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Open AccessArticle

Resident Perceptions of Neighborhood Conditions, Food Access, Transportation Usage, and Obesity in a Rapidly Changing Central City

Urban Studies and Planning, Wayne State University, Detroit, MI 48202, USA
Int. J. Environ. Res. Public Health 2018, 15(6), 1201; https://doi.org/10.3390/ijerph15061201
Received: 10 May 2018 / Revised: 29 May 2018 / Accepted: 4 June 2018 / Published: 7 June 2018
(This article belongs to the Collection Physical Activity and Public Health)
There is a lack of research on obesity that uses primary data and fine-grained information on neighborhoods. I use primary data for 367 participants in Detroit to examine neighborhood predictors of obesity. These data were supplemented with public data. I considered multilevel and spatial modeling, but the data lent itself best to ordinary least squares (OLS) regressions. I find that socioeconomic factors, the built environment, transportation usage, and perceptions of neighborhoods are important predictors of obesity. Importantly, litter is associated with higher levels of obesity. Planners can take measures to reduce litter and collaborate with other policy-makers to encourage less driving, though drawing direct lines of causality is complicated. View Full-Text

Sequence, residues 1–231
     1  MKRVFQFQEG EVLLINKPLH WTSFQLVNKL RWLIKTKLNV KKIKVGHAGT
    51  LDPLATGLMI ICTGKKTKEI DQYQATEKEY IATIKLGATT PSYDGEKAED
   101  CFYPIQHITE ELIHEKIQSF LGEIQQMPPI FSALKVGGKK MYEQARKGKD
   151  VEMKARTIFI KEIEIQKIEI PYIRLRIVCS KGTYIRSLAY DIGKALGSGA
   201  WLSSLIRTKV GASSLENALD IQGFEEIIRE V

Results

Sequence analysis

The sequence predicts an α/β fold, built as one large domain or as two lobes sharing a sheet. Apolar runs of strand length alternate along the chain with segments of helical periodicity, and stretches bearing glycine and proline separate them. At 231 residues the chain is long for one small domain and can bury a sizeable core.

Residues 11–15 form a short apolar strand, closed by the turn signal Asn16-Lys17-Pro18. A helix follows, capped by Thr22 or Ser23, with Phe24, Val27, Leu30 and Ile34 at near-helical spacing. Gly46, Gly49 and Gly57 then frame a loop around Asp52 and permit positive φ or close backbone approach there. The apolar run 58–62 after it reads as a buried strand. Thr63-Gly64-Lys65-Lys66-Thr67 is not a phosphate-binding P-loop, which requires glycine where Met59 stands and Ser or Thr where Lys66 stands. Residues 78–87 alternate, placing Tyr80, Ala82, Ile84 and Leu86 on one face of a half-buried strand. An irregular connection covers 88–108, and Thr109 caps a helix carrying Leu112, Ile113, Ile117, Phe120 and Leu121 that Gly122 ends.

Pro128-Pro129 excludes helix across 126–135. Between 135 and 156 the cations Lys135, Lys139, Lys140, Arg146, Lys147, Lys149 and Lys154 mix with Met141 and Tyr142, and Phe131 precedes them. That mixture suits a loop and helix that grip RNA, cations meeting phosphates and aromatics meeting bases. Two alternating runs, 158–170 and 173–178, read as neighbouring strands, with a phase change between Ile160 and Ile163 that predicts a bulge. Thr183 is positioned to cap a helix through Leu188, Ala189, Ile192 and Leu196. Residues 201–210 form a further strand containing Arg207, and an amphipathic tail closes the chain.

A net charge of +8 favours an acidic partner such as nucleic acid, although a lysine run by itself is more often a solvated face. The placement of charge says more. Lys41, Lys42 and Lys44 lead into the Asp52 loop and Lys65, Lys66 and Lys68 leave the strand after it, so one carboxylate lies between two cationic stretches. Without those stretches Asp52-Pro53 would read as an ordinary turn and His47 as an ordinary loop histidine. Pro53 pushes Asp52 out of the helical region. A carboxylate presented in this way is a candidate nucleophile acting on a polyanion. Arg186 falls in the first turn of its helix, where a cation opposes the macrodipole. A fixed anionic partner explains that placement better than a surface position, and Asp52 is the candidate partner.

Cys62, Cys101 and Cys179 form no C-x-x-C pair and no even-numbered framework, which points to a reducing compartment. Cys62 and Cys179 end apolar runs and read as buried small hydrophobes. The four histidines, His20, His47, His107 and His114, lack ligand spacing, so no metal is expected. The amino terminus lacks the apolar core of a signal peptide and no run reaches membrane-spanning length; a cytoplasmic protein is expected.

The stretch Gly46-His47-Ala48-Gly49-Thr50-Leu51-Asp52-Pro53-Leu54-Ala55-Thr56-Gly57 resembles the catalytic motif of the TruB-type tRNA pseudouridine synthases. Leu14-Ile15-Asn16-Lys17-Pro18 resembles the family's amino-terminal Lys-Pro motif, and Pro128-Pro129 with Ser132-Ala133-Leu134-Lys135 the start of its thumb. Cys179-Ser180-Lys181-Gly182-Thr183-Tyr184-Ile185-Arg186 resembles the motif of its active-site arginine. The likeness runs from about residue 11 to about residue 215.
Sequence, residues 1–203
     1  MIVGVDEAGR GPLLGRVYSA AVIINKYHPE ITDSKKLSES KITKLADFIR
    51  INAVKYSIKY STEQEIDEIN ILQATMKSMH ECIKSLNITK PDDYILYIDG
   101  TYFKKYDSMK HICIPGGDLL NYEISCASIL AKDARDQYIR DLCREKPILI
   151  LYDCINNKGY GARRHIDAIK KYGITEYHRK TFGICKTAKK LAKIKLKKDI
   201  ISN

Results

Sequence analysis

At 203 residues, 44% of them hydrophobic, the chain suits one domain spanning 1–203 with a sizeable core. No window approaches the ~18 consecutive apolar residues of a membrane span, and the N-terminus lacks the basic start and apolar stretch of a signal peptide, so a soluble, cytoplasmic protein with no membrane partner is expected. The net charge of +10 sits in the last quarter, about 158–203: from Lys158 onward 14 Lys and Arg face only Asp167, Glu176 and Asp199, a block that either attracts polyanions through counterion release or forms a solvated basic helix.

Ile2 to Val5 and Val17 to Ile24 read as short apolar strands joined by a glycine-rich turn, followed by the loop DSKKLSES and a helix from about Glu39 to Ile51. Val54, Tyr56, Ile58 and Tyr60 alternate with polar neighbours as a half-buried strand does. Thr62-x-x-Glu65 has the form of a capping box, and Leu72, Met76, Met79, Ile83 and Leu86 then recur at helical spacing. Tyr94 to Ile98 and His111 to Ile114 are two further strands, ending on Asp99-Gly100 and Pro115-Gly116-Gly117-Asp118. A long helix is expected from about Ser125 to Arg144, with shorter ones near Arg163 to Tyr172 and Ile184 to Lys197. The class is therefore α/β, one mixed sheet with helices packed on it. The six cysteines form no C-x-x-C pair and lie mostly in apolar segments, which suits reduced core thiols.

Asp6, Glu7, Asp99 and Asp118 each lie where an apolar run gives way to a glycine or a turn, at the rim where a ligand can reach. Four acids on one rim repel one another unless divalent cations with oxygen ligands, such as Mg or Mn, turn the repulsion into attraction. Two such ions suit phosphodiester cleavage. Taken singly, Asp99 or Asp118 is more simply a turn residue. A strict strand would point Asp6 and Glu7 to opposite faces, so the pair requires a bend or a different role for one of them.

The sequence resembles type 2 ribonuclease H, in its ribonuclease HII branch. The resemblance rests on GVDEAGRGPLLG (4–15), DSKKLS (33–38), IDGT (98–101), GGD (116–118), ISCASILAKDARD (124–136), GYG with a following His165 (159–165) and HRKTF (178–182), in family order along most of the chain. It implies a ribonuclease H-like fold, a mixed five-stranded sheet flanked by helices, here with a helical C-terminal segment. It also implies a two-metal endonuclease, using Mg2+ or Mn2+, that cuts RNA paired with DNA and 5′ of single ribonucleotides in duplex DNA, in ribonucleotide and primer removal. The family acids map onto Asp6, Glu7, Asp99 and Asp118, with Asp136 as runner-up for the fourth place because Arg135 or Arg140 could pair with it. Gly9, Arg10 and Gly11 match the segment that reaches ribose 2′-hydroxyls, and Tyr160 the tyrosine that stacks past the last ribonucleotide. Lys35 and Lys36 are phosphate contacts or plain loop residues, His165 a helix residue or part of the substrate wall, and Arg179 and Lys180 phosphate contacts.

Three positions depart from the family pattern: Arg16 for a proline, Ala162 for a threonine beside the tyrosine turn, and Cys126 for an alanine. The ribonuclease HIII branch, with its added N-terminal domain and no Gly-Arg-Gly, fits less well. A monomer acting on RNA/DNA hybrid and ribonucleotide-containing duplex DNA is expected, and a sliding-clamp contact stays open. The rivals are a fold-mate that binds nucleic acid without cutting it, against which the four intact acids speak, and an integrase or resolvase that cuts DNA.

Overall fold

Keywords: obesity; fast food; litter; transportation obesity; fast food; litter; transportation
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Mohamed, R. Resident Perceptions of Neighborhood Conditions, Food Access, Transportation Usage, and Obesity in a Rapidly Changing Central City. Int. J. Environ. Res. Public Health 2018, 15, 1201.

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